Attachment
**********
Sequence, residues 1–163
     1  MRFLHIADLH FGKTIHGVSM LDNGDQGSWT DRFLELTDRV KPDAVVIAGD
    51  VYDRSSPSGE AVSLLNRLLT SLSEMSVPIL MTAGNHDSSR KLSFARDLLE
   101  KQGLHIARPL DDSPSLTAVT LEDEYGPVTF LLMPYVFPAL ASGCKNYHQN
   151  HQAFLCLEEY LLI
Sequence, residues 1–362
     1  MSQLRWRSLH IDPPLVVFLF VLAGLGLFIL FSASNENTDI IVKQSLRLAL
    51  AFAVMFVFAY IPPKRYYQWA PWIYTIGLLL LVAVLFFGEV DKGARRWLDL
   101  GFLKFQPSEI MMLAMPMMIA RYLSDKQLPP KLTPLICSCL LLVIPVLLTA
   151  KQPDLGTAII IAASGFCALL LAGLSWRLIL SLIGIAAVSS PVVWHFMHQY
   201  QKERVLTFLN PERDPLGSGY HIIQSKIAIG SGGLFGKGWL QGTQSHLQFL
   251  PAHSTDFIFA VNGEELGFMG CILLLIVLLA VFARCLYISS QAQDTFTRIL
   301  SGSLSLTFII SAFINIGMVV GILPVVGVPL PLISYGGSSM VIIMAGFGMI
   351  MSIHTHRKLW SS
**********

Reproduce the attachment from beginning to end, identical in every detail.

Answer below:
Sequence, residues 1–163
     1  MRFLHIADLH FGKTIHGVSM LDNGDQGSWT DRFLELTDRV KPDAVVIAGD
    51  VYDRSSPSGE AVSLLNRLLT SLSEMSVPIL MTAGNHDSSR KLSFARDLLE
   101  KQGLHIARPL DDSPSLTAVT LEDEYGPVTF LLMPYVFPAL ASGCKNYHQN
   151  HQAFLCLEEY LLI
Sequence, residues 1–362
     1  MSQLRWRSLH IDPPLVVFLF VLAGLGLFIL FSASNENTDI IVKQSLRLAL
    51  AFAVMFVFAY IPPKRYYQWA PWIYTIGLLL LVAVLFFGEV DKGARRWLDL
   101  GFLKFQPSEI MMLAMPMMIA RYLSDKQLPP KLTPLICSCL LLVIPVLLTA
   151  KQPDLGTAII IAASGFCALL LAGLSWRLIL SLIGIAAVSS PVVWHFMHQY
   201  QKERVLTFLN PERDPLGSGY HIIQSKIAIG SGGLFGKGWL QGTQSHLQFL
   251  PAHSTDFIFA VNGEELGFMG CILLLIVLLA VFARCLYISS QAQDTFTRIL
   301  SGSLSLTFII SAFINIGMVV GILPVVGVPL PLISYGGSSM VIIMAGFGMI
   351  MSIHTHRKLW SS